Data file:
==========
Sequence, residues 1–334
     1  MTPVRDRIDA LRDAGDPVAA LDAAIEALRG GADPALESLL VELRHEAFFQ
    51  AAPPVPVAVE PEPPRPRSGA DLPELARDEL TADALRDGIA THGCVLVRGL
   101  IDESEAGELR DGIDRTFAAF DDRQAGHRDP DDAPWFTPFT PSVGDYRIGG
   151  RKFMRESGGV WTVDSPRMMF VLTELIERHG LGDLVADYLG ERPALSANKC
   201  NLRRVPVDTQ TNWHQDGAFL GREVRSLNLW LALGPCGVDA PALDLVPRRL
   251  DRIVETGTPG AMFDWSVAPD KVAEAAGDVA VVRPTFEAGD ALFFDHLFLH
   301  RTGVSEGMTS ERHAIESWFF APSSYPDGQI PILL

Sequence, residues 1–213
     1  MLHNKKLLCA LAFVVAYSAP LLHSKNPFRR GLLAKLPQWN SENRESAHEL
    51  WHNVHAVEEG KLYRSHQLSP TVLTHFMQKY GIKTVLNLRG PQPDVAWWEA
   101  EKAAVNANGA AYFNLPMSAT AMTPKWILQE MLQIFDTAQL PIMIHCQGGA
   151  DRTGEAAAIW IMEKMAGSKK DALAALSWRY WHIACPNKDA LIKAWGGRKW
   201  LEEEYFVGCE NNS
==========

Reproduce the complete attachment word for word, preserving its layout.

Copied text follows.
Sequence, residues 1–334
     1  MTPVRDRIDA LRDAGDPVAA LDAAIEALRG GADPALESLL VELRHEAFFQ
    51  AAPPVPVAVE PEPPRPRSGA DLPELARDEL TADALRDGIA THGCVLVRGL
   101  IDESEAGELR DGIDRTFAAF DDRQAGHRDP DDAPWFTPFT PSVGDYRIGG
   151  RKFMRESGGV WTVDSPRMMF VLTELIERHG LGDLVADYLG ERPALSANKC
   201  NLRRVPVDTQ TNWHQDGAFL GREVRSLNLW LALGPCGVDA PALDLVPRRL
   251  DRIVETGTPG AMFDWSVAPD KVAEAAGDVA VVRPTFEAGD ALFFDHLFLH
   301  RTGVSEGMTS ERHAIESWFF APSSYPDGQI PILL

Sequence, residues 1–213
     1  MLHNKKLLCA LAFVVAYSAP LLHSKNPFRR GLLAKLPQWN SENRESAHEL
    51  WHNVHAVEEG KLYRSHQLSP TVLTHFMQKY GIKTVLNLRG PQPDVAWWEA
   101  EKAAVNANGA AYFNLPMSAT AMTPKWILQE MLQIFDTAQL PIMIHCQGGA
   151  DRTGEAAAIW IMEKMAGSKK DALAALSWRY WHIACPNKDA LIKAWGGRKW
   201  LEEEYFVGCE NNS